Retear and stiffness are not uncommon outcomes of rotator cuff repair. The purpose of this study was to evaluate the relationship between rotator cuff repair healing and shoulder stiffness.
It’s rare to fracture your shoulder blade (scapula). Your shoulder blade is well protected by your chest and muscles, so it takes significant force for this fracture to occur. When it does, most people have other injuries—like head damage or a chest injury. Given its potential severity, a shoulder blade fracture is one to know about.
In the surgical treatment of distal biceps tendon tears, investigators of this study found surgeons preferred anatomic reinsertion to the radial tuberosity.
Calcific tendinitis of the shoulder, typically characterized by calcium deposits on the rotator cuff, is an extremely painful condition that can severely impair movement and life quality. A new study appearing in today's issue of the Journal of Bone and Joint Surgery, found a significant increase in blood vessel and pain receptor growth among patients with this condition.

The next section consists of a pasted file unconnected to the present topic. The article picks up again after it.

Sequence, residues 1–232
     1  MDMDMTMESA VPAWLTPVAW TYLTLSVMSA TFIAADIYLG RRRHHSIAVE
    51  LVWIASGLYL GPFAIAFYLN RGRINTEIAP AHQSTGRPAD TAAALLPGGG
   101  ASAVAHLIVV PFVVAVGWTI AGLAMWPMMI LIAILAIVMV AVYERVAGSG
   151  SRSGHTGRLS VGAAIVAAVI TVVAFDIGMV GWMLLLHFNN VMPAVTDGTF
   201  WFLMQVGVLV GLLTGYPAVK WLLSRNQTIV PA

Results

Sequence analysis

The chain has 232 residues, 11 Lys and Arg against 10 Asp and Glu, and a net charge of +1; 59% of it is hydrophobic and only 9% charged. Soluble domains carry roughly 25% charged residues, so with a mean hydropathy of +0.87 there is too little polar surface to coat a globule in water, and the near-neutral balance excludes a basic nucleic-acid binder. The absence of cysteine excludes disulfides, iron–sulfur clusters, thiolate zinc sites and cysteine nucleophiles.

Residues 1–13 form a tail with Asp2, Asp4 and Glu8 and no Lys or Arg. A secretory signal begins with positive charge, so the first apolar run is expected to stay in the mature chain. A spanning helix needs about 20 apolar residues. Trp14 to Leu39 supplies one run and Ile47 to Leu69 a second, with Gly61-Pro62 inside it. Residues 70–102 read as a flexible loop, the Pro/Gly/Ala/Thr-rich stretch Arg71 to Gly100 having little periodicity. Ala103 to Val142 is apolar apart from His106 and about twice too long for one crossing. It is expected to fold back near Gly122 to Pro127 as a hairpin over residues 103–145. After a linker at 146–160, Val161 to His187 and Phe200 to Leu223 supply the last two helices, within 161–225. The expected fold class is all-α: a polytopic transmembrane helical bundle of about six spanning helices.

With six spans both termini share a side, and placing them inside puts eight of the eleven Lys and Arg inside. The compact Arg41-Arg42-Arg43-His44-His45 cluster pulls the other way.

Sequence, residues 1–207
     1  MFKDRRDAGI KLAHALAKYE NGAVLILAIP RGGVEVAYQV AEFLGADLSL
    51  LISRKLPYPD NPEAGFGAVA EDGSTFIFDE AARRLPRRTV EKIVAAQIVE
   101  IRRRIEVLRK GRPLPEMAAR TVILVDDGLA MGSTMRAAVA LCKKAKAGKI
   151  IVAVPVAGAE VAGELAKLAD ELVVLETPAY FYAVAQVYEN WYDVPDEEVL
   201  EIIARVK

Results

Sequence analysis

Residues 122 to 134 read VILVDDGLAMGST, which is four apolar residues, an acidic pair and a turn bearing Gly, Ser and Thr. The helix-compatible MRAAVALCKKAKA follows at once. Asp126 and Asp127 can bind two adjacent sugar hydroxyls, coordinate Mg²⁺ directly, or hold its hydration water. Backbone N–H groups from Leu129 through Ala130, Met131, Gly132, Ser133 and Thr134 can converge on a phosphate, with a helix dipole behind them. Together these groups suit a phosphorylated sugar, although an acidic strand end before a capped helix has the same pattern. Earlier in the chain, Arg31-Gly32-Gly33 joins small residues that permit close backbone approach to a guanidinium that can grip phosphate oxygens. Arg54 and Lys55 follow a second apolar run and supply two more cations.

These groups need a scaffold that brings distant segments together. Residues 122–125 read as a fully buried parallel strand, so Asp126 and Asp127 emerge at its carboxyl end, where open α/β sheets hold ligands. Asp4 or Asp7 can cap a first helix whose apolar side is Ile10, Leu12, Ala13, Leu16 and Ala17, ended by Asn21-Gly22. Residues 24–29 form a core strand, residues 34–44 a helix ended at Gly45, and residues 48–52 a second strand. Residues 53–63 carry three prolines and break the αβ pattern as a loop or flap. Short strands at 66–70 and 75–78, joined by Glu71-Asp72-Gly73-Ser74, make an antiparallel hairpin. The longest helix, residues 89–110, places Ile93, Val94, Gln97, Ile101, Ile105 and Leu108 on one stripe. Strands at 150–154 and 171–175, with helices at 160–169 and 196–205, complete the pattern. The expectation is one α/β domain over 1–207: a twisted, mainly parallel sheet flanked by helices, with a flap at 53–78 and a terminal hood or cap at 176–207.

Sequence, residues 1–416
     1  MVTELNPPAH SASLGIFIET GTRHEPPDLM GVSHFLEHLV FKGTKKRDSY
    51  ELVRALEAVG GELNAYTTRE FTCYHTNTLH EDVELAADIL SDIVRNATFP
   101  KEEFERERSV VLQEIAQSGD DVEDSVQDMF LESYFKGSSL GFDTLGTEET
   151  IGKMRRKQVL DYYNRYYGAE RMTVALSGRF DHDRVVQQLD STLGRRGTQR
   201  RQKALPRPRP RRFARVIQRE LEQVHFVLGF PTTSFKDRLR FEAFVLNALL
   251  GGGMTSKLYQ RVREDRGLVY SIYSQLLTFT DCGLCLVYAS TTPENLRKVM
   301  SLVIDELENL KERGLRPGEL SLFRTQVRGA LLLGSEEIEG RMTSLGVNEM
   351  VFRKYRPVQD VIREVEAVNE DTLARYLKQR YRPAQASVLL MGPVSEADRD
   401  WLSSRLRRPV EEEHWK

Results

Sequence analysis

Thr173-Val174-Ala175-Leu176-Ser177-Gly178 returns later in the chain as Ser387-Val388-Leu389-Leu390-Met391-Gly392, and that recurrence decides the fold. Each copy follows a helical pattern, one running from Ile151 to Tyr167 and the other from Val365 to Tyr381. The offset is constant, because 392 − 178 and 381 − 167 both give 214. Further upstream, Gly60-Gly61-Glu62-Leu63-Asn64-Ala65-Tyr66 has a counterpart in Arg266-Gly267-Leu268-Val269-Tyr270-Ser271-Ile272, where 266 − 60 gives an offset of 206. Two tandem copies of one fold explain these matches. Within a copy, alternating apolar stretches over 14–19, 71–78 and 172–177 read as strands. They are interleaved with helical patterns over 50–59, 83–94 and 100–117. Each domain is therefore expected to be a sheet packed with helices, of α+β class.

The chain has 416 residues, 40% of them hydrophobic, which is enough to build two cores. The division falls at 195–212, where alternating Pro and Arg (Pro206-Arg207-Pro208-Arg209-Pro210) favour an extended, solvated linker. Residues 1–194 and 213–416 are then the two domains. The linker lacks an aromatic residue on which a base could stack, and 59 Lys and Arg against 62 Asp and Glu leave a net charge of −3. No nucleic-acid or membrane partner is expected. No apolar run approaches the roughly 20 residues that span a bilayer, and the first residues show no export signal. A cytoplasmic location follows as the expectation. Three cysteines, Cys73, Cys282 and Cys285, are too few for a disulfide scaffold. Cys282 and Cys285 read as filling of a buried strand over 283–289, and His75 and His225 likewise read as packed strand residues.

Patients diagnosed with rheumatoid arthritis had significantly impaired shoulder function compared to healthy participants when evaluated 1.5 years following diagnosis, according to recently published research.
"Patients who had preoperative shoulder stiffness and those who developed stiffness at 6 weeks and 12 weeks postoperatively after rotator cuff repair were less likely to experience a re-tear compared with patients who had no stiffness, according to results presented here.